With similarly precarious forestry towns like Red Rock, Nipigon and Greenstone in his own riding of Thunder Bay-Superior North, Minister of Northern Development, Mines and Forestry Michael Gravelle says he is sympathetic to and very conscious of the reality faced by Smooth Rock Falls. The real problem, he says, are the inflexible provincial policies which all but lock out any new value-added projects.

"We need to be able to find a balance where we can continue to support the major companies who have been there for many years, and provided significant employment and economic benefit to the communities, with the very clear need to open up opportunities for new value-added operations such as this one," says Gravelle.

Some of these answers, he hopes, will arrive once the province moves forward with the results of the public consultation towards concrete changes to the tenure system. The timing of those "big changes" remain undefined, though the next announcements will arrive with the second phase of the province's call for interest in biomass-related allocation "in the near future."

Others, such as Timmins-James Bay MPP Gilles Bisson, argue that the Crown Forest Sustainability Act already gives the province the legal authority to do what it claims it currently cannot. Bisson says he should know, having been one of the original authors of the document when the NDP ruled Queen's Park in 1993.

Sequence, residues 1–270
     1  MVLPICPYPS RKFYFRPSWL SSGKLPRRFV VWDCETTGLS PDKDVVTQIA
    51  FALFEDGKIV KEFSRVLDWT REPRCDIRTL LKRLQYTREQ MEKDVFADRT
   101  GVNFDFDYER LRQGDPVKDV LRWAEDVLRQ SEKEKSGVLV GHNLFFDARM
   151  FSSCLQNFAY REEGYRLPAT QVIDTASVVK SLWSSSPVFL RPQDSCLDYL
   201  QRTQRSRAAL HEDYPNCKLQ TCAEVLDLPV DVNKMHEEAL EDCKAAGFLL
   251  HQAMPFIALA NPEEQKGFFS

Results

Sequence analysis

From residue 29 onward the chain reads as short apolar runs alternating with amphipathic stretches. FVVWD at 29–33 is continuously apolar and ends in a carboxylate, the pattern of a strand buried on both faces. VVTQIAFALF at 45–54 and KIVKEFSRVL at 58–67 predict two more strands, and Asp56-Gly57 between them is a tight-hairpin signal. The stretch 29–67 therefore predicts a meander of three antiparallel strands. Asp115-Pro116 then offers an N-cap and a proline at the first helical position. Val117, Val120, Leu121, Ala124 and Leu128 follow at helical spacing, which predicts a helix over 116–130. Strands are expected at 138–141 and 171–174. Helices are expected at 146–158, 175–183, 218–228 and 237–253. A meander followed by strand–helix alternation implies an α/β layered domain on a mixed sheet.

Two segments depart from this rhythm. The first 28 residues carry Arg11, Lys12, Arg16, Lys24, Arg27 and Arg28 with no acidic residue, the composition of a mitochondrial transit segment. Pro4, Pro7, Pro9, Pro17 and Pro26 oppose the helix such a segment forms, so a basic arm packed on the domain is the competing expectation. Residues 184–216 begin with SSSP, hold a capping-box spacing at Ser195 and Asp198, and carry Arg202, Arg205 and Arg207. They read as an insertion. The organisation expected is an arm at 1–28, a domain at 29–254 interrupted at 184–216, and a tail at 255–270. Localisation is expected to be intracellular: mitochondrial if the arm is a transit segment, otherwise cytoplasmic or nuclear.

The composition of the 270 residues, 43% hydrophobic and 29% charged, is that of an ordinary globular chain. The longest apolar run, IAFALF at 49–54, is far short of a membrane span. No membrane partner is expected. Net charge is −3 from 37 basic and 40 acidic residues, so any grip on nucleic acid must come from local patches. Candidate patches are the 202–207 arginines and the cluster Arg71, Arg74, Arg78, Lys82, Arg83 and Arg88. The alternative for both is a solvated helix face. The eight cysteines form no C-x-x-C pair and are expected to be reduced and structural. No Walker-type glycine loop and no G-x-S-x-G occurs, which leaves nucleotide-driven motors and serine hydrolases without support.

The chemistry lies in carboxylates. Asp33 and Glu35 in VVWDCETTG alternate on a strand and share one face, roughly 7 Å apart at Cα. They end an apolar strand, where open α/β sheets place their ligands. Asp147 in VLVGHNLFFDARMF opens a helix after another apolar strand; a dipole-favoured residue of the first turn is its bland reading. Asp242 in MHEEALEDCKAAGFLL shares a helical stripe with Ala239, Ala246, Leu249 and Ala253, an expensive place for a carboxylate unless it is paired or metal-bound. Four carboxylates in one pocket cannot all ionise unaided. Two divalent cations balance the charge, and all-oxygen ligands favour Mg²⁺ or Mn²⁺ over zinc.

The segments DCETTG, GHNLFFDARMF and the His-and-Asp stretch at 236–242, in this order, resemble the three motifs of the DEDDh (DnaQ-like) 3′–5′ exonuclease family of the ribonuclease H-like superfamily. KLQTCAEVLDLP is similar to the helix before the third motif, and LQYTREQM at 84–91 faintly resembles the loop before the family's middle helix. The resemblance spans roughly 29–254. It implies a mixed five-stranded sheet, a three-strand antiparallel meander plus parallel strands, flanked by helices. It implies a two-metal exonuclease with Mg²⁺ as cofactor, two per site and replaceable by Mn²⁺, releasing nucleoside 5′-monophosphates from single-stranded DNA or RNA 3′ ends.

Provincial officials have instead insisted that business-to-business arrangements must be made with existing SFL holders. This option is all but impossible, says Alie, as companies under bankruptcy protection like Grant Forest Products and AbitibiBowater neither have the ability nor the desire to negotiate new allocation agreements.

Tembec officials assert that negotiating wood allocation is not their responsibility, but that of the province. What's more, no detailed business plan was ever presented to the company amidst the many discussions between Smooth Rock Falls and Tembec, according to John Valley, executive vice-president, business development and corporate affairs with Tembec.

Though they disagree, town officials bear little ill will to the corporate giant, saying they understand the company is merely protecting its business interests.

The real frustration is being aimed at the province and its policies, which also fail to keep fibre from being driven out of Northern Ontario and into Quebec by the likes of Tembec.

It's these very same policies, and not provincial staff, that killed the proposal, says Robert Manseau, a senior consultant with the Timmins-based Commerce Management Group.

Manseau, who worked with the community and its business partners on the failed proposal, says the policies also complicate the financing of value-added projects.

Much of the $55-million was predicated on a due diligence review, including the $25-million promised through the province's own Forest Sector Prosperity Fund.

However, the province demands money in hand before even considering wood allocation, and investors will often only provide funding once that allocation is received, creating a chicken-egg scenario.

"It's a due diligence nightmare," says Manseau.


Northern Ontario Business
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Author:Stewart, Nick
Publication:Northern Ontario Business
Date:Nov 1, 2009